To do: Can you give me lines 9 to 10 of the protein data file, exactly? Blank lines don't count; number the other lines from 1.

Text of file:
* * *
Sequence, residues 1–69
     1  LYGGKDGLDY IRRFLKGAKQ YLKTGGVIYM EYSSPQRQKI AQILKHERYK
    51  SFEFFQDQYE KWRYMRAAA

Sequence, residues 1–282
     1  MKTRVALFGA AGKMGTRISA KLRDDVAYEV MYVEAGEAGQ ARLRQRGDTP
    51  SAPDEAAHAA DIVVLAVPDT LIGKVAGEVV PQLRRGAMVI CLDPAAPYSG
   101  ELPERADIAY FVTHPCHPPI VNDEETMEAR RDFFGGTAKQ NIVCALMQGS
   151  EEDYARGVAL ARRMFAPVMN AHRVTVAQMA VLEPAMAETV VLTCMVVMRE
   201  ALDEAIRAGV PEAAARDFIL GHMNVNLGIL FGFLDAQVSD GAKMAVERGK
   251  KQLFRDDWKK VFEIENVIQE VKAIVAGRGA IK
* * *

   201  ALDEAIRAGV PEAAARDFIL GHMNVNLGIL FGFLDAQVSD GAKMAVERGK
   251  KQLFRDDWKK VFEIENVIQE VKAIVAGRGA IK